Report Griezmann   45+2' (pen.)72'

FinalEdit

10 July 2016
Portugal   1–0 (a.e.t.)   France Saint-Denis
Attendance: 75,868
Éder   109' Report

StatisticsEdit

GoalscorersEdit

6 goals
3 goals
2 goals
1 goal
1 own goal

Source: UEFA[14][15]

Final rankingsEdit

Pos Team Pld W D L GF GA GD Pts
1   Portugal 7 3 4 0 9 5 +4 13
2   France 7 5 1 1 13 5 +8 16
Eliminated in the Semi-finals
3   Wales 6 4 0 2 10 6 +4 12
4   Germany 6 3 2 1 7 3 +4 11
Eliminated in the Quarter-finals
5   Italy 5 3 1 1 6 2 +4 10
6   Belgium 5 3 0 2 9 5 +4 9
7   Poland 5 2 3 0 4 2 +2 9
8   Iceland 5 2 2 1 8 9 –1 8
Eliminated in the Round of 16
9   Croatia 4 2 1 1 5 4 +1 7
10   Spain 4 2 0 2 5 4 +1 6
11    Switzerland 4 1 3 0 3 2 +1 6
12   England 4 1 2 1 4 4 0 5
13   Hungary 4 1 2 1 6 8 –2 5
14   Republic of Ireland 4 1 1 2 3 6 –3 4
  Slovakia 4 1 1 2 3 6 –3 4
16   Northern Ireland 4 1 0 3 2 3 –1 3
Eliminated in the Group stage
17   Turkey 3 1 0 2 2 4 –2 3
18   Albania 3 1 0 2 1 3 –2 3
19   Romania 3 0 1 2 2 4 –2 1
20   Sweden 3 0 1 2 1 3 –2 1
21   Czech Republic 3 0 1 2 2 5 –3 1
22   Austria 3 0 1 2 1 4 –3 1
23   Russia 3 0 1 2 2 6 –4 1
24   Ukraine 3 0 0 3 0 5 –5 0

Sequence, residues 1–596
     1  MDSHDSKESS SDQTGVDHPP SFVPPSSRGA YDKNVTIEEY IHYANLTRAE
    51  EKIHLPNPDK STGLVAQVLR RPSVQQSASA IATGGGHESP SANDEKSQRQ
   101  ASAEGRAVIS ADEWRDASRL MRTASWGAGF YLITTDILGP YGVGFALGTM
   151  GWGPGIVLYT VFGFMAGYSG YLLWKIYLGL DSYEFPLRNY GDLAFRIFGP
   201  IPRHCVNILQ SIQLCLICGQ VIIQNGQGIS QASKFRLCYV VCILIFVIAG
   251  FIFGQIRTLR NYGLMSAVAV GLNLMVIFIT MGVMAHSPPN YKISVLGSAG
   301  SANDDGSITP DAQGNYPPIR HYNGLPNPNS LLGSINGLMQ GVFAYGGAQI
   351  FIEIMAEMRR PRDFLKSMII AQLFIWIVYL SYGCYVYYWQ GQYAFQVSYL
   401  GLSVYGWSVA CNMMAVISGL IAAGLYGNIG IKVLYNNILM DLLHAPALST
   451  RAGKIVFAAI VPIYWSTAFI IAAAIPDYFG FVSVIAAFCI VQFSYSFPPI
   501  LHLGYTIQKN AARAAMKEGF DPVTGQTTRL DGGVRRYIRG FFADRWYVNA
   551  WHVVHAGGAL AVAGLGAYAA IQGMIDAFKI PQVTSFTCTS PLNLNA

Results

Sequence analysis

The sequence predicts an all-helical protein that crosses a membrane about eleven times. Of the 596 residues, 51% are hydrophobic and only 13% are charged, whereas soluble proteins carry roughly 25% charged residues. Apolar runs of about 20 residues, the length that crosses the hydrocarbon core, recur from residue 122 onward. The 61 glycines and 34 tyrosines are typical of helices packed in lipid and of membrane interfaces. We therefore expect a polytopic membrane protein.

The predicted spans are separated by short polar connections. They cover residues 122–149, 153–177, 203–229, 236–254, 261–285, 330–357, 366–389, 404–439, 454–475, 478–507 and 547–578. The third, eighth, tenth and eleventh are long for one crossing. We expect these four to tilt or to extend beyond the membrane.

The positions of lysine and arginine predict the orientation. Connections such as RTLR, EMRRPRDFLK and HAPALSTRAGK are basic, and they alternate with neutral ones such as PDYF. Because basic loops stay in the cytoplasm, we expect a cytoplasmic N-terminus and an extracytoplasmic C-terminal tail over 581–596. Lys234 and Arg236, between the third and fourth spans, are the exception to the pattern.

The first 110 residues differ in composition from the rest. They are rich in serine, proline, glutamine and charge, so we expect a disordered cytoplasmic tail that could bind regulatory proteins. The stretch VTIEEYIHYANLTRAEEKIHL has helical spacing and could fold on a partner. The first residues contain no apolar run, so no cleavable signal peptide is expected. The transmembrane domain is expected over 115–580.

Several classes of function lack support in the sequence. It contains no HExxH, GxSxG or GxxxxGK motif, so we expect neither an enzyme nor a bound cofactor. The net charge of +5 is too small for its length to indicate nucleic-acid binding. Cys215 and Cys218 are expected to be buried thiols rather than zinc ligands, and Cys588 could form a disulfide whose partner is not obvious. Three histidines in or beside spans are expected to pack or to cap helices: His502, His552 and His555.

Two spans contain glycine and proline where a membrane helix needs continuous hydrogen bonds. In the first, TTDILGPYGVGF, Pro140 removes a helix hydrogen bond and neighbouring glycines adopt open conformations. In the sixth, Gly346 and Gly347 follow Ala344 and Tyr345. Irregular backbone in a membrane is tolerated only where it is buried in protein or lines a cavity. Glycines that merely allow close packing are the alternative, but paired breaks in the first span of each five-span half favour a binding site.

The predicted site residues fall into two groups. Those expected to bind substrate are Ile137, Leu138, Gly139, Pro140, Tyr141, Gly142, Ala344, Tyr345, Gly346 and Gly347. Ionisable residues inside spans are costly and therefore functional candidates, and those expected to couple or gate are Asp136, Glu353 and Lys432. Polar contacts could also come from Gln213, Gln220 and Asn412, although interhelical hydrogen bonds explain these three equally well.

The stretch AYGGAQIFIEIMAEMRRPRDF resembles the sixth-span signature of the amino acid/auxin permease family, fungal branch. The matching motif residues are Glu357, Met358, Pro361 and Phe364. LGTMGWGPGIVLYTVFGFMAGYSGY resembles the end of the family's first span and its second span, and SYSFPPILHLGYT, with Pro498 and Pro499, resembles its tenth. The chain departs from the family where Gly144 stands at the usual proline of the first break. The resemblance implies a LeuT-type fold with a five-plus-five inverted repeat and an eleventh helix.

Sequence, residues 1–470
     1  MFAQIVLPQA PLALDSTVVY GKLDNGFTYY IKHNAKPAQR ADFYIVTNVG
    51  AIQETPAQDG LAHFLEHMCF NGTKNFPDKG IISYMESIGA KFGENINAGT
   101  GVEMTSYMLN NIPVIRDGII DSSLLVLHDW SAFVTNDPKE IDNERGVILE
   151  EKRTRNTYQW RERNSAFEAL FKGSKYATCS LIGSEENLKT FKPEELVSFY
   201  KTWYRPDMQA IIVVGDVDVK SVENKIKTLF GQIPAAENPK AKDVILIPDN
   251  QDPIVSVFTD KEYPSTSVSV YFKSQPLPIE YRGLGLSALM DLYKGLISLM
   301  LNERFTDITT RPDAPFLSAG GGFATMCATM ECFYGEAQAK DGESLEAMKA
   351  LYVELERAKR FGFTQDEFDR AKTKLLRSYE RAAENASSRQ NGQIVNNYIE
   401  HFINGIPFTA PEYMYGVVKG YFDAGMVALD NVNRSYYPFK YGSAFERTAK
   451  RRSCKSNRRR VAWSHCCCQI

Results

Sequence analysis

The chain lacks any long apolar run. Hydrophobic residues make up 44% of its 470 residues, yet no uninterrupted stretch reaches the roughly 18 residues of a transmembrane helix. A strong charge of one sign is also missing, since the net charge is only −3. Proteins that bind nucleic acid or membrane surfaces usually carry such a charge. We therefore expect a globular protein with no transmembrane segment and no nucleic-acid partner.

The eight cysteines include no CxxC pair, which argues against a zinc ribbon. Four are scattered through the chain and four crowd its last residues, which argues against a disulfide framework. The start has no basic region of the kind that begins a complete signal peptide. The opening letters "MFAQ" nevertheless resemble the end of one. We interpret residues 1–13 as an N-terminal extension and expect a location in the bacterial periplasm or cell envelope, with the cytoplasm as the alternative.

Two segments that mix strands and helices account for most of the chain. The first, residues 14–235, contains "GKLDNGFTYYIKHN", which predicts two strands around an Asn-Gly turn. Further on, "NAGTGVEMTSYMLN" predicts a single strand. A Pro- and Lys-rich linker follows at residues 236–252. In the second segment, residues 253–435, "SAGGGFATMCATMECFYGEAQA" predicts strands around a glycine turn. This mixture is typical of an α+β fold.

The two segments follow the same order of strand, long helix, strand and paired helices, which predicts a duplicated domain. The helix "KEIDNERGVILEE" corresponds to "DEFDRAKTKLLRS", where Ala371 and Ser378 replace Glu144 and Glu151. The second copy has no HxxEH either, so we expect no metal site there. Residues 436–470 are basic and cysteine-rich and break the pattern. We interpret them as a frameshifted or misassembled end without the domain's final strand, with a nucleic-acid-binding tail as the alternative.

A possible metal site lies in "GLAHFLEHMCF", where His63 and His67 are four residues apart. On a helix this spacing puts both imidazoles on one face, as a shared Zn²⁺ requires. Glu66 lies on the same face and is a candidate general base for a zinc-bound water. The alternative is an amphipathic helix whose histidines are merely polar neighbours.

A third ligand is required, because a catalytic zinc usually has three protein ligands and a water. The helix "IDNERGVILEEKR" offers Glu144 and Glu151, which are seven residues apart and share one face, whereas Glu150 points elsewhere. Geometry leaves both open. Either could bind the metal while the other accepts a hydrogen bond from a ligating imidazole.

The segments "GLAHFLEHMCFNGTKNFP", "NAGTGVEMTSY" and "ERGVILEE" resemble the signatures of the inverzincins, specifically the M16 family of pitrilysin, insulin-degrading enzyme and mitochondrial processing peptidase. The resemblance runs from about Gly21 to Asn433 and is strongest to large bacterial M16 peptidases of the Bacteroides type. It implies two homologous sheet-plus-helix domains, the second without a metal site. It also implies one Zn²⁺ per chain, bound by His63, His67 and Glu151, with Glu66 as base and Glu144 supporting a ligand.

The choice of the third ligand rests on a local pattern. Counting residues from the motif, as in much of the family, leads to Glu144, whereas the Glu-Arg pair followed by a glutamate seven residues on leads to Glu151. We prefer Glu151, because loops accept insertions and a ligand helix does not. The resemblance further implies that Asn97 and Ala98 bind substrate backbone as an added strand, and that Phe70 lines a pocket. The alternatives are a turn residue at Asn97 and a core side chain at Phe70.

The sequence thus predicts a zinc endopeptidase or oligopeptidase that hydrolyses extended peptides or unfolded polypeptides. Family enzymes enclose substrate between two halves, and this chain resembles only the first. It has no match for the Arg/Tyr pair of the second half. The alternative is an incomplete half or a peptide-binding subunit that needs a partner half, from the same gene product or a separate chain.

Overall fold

• Rankings are based on performance, not team skill. Also, these rankings are unofficial and are not based on head-to-head record.
  • Team of the tournamentEdit

    Source: [16]

    SponsorshipEdit

     
    Turkish Airlines aeroplane, decorated with UEFA EURO 2016 emblems.
    Global sponsors National sponsors

    ReferencesEdit

    1. "France forward Antoine Griezmann wins Golden Boot". UEFA. 10 July 2016. Retrieved 11 July 2016.
    2. "Antoine Griezmann named Player of the Tournament". UEFA.com. Union of European Football Associations. 11 July 2016. Retrieved 12 July 2016.
    3. "Renato Sanches named Young Player of the Tournament". UEFA.com. Union of European Football Associations. 10 July 2016. Retrieved 11 July 2016.
    4. 4.0 4.1 "UEFA EURO 2016 match schedule announced". UEFA.com. 25 April 2014. Retrieved 14 August 2014.
    5. "'New era in national team football' beckons". UEFA.com. 23 February 2014. Retrieved 14 August 2014.
    6. FIFA.com. "FIFA Confederations Cup Russia 2017 - Teams - FIFA.com". FIFA.com. Retrieved 20 June 2016.
    7. "Four candidates signal UEFA Euro 2016 interest". UEFA.com. Union of European Football Associations. 11 March 2009. Retrieved 11 January 2011.
    8. "Regeringen säger nej till EM 2016-ansökan". Swedish Football Association (in Swedish). 9 December 2009. Retrieved 11 January 2011.
    9. "France chosen to host Euro 2016". UEFA.com. Union of European Football Associations. 28 May 2010. Retrieved 2 July 2012.
    10. "France win race to host Euro 2016". The Roar. Retrieved 8 March 2016.
    11. "Executive Committee confirms EURO 2016 venues". UEFA.com. 25 January 2013.